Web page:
In the mathematics of circle packing, a Doyle spiral is a pattern of non-crossing circles in the plane in which each circle is surrounded by a ring of six tangent circles. These patterns contain spiral arms formed by circles linked through opposite points of tangency, with their centers on logarithmic spirals of three different shapes.
Doyle spirals are named after mathematician Peter G. Doyle, who made an important contribution to their mathematical construction in the late 1980s or early 1990s. However, their study in phyllotaxis (the mathematics of plant growth) dates back to the early 1900s.
A Doyle spiral is defined to be a certain type of circle packing, consisting of infinitely many circles in the plane, with no two circles having overlapping interiors. In a Doyle spiral, each circle is enclosed by a ring of six other circles. The six surrounding circles are tangent to the central circle and to their two neighbors in the ring.
As Doyle observed, the only way to pack circles with the combinatorial structure of a Doyle spiral is to use circles whose radii are also highly structured. For any such packing, there must exist three positive real numbers , , and , so that each circle of radius is surrounded by circles whose radii are (in cyclic order)
Only certain triples of numbers , , and come from Doyle spirals; others correspond to systems of circles that eventually overlap each other.
In a Doyle spiral, one can group the circles into connecting chains of circles through opposite points of tangency. These have been called arms, following the same terminology used for spiral galaxies. Within each arm, the circles have radii in a doubly infinite geometric sequence
The precise shape of any Doyle spiral can be parameterized by three natural numbers, counting the number of arms of each of its three shapes. When one shape of arm occurs infinitely often, its count is defined as 0, rather than . The smallest arm count equals the difference of the other two arm counts, so any Doyle spiral can be described as being of type , where and are the two largest counts, in the sorted order .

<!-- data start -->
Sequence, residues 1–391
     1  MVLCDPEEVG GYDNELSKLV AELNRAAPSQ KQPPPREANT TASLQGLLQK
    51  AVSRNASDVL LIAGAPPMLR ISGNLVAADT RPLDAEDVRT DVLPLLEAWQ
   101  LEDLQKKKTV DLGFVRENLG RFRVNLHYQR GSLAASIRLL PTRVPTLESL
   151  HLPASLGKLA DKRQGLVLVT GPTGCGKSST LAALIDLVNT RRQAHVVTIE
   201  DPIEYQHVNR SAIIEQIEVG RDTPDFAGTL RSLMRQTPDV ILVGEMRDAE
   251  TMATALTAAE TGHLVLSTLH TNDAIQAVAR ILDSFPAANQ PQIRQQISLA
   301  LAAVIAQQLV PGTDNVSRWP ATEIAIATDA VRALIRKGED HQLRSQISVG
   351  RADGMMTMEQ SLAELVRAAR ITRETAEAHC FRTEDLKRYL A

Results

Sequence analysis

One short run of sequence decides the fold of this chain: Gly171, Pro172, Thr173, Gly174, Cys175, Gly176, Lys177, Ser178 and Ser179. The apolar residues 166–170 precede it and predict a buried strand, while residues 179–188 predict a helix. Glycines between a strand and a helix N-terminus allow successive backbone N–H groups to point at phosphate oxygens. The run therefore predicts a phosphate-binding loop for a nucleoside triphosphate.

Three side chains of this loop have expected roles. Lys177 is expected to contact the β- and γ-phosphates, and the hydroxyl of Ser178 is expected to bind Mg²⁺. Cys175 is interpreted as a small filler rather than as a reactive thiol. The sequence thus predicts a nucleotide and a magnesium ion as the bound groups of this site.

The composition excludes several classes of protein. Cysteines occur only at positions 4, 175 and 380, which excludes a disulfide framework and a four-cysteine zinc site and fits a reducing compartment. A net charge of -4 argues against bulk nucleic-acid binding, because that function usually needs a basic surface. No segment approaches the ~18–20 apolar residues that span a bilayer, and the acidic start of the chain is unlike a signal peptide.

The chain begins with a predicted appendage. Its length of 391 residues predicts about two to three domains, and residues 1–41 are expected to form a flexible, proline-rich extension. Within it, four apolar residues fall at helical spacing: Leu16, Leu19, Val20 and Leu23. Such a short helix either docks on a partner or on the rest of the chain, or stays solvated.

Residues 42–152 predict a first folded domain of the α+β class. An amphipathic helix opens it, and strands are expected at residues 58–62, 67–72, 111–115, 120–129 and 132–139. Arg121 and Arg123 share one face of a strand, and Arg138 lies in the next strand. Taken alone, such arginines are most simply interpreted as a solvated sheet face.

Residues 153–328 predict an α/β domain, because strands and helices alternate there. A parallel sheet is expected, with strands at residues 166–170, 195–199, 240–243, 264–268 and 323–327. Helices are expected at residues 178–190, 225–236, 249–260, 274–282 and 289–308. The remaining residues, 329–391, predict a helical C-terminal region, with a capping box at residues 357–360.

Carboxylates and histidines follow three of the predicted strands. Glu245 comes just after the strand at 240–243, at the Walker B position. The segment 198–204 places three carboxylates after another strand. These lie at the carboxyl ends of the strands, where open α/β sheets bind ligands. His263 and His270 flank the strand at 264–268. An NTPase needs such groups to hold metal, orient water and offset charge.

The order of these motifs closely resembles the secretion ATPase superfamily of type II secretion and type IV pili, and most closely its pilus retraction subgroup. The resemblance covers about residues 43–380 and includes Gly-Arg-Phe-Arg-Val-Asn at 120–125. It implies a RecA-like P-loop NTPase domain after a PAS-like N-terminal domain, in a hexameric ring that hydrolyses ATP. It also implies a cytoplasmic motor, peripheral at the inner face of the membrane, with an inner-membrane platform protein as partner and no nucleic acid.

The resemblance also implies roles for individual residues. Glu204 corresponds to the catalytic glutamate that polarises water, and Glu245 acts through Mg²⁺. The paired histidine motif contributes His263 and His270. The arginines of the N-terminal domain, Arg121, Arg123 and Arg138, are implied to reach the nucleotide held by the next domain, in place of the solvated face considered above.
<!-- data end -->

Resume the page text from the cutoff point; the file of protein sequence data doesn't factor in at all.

Every pair with determines a Doyle spiral, with its third and smallest arm count equal to . The shape of this spiral is determined uniquely by these counts, up to similarity. For a spiral of type , the radius multipliers , , and are algebraic numbers whose polynomials can be determined from and . These radius multipliers can be accurately approximated by a numerical search, and the results of this search can be used to determine numerical values for the sizes and positions of all of the circles.
Doyle spirals have symmetries that combine scaling and rotation around the central point (or translation and rotation, in the case of the regular hexagonal packing of the plane by unit circles), taking any circle of the packing to any other circle. Applying a Möbius transformation to a Doyle spiral preserves the shape and tangencies of its circles. Therefore, a Möbius transformation can produce additional patterns of non-crossing tangent circles, each tangent to six others. These patterns typically have a double-spiral pattern in which the connected sequences of circles spiral out of one center point (the image of the center of the Doyle spiral) and into another point (the image of the point at infinity). However, these do not meet all of the requirements of Doyle spirals: some circles in this pattern will not be surrounded by their six neighboring circles.
The most general case of a Doyle spiral has three distinct radius multipliers, all different from 1, and three distinct arm counts, all nonzero. An example is Coxeter's loxodromic sequence of tangent circles, a Doyle spiral of type (2,3), with arm counts 1, 2, and 3, and with radius multipliers , , and , where denotes the golden ratio. Within the single spiral arm of tightest curvature, the circles in Coxeter's loxodromic sequence form a sequence whose radii are powers of . Every four consecutive circles in this sequence are tangent.